Monthly Archives: July 2016

The Military Life Fairy Tale

  Once upon a time (10 years ago) in a faraway land (Florida), lived a beautiful princess (fairly average looking woman in her mid-twenties paying off student loans). One day, at a ball in Tallahassee (ladies’ night at a college bar), the princess encountered a handsome prince (Naval aviator). He courted the princess, they were betrothed, and shortly thereafter they moved to a tiny kingdom in the Pacific (Guam).

The handsome prince left his blushing bride on the island a few weeks after arriving, to go slay dragons (terrorists) and keep all the kingdoms safe from harm.

While the prince was away, the princess longed for him. She stayed in bed for days aching for his return. Her tears flooded the island and she plotted her escape back to civilian life. Unable to afford the $3,000 commercial flight home, and without her prince to do such things as bring food home and take out the trash, the princess withered away and died. End of story. Actually, no. No, she didn’t. That’s not how it ends. That’s not how it ever ends.

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Showing the World our Military Families, One Story at a Time

Note: I’m thrilled that Humans on the Homefront is featured by NextGen MilSpouse today. You can always count on the military community to hold one another up, and support each other where we can. I am so proud to know the brains behind NGMS, and honored they’re putting their incredible spotlight on my baby. 

  
For so many of my friends, we are the only military family they know personally. Some have a distant cousin, or like me, grandparents who served long before we were born, but as far as one degree of separation, we are it. Outside of a few college classmates in ROTC, before I met my husband, I didn’t know anyone in the Armed Forces either.

When I started writing the Deployment Diary for the New York Times a year and a half ago, I was overwhelmed by the number of friends, family members, and even strangers, that reached out expressing their appreciation for insight into a military family.
My goal in writing the diary was to make it just that, a diary. I wanted it to be vulnerable, honest, and above all else, real.

I looked at it as an incredible opportunity to share the ups and downs of this crazy life. While I was honored to write about it, and especially to have such a large platform, I was always aware that mine was just one voice; ours was just one story.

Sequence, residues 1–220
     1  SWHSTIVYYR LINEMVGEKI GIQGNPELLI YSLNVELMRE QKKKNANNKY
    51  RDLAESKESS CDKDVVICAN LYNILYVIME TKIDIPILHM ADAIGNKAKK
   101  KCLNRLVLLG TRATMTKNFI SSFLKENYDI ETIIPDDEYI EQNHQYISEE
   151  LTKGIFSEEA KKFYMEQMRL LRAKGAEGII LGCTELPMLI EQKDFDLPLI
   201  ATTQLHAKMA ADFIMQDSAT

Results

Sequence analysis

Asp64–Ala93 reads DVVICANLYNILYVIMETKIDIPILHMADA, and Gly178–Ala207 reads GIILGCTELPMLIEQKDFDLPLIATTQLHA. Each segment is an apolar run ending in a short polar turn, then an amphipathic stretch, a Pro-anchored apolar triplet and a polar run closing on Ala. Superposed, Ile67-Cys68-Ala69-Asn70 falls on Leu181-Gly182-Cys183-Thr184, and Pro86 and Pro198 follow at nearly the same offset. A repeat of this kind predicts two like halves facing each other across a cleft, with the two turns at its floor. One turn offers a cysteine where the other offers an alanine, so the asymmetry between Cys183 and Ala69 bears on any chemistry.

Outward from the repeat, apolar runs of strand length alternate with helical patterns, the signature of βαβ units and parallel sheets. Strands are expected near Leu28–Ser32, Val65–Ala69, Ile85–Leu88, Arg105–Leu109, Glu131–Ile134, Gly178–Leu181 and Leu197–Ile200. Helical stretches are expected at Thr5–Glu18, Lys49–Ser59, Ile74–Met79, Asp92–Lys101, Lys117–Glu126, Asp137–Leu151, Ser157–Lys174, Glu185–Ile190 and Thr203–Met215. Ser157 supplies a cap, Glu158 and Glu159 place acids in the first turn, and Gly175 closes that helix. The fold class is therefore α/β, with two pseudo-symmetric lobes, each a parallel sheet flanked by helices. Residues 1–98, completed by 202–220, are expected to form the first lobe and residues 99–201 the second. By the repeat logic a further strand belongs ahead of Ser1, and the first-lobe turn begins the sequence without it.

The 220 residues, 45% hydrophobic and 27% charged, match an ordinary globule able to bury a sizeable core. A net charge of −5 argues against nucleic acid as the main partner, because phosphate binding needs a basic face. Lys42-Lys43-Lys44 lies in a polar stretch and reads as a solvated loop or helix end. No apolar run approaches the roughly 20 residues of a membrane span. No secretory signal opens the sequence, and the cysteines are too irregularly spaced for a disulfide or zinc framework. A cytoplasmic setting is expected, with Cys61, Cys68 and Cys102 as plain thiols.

5 Phases of MilSpouse Swimwear

  
Like it or not, it’s officially swimsuit season. Maybe you just finished a marathon and can’t wait to hit the pool. Or, maybe the only marathon you finished this year was a series on Netflix, and you’re dreading the dressing room. Whatever your body type and whatever your confidence level, here are SpouseBuzz’s his and her swimsuit selections for each phase of your life.

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I’m Not Just a Spouse, and You’re Not Either

  
I stood in line at the Pass and ID office, patiently awaiting my turn. Unbeknownst to me, my military dependent ID had conveniently expired a few weeks after my husband deployed, and was confiscated at the front gate en route to the children’s Christmas party. Oops.

Fast forward several months later, and now that homecoming is a few weeks away, I finally got my act together to get my ID replaced. In heels and a business suit, I left work early for my appointment. When I finally made it to the front of the line, I told the the gentleman behind the desk my ID had expired and I needed to replace it. With a smile and no ill-will, he asked, “Are you a contractor ma’am? Or just a spouse?”

The words reverberated through my ears like nails on a chalkboard.

I might not be a contractor, but I’m not “just” a spouse.

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Military Love Letters: 1776 vs. 2016

  
It’s been 240 years since the Revolutionary War ended, and our spouses still need our support on the home front.

If you close your eyes, I bet you can picture the scene in Yorktown in 1776. The sweeping grass and rolling hills of Virginia. The men in their uniforms: the tall boots, fitted pants, the tails of a cropped jacket whose hand-adorned golden buttons mimic soldiers in a straight line. The wigs, the pirate-like hats, the bayonets in hand. Now, add the low rumble of a snare drum, the distant sound of a cannon. Just slightly different than the battlefields of today, right? No wigs, smaller hats, more practical uniforms, not to mention the vastly evolved warfare.
And, yet, some things don’t change: valor, commitment, and the importance of good communication with your spouse.

In honor of the 4th of July, SpouseBuzz presents an actual excerpt from a letter from George Washington to his wife Martha (apparent typos included on purpose) … followed by what it would sound like in an updated version for today’s military couple.

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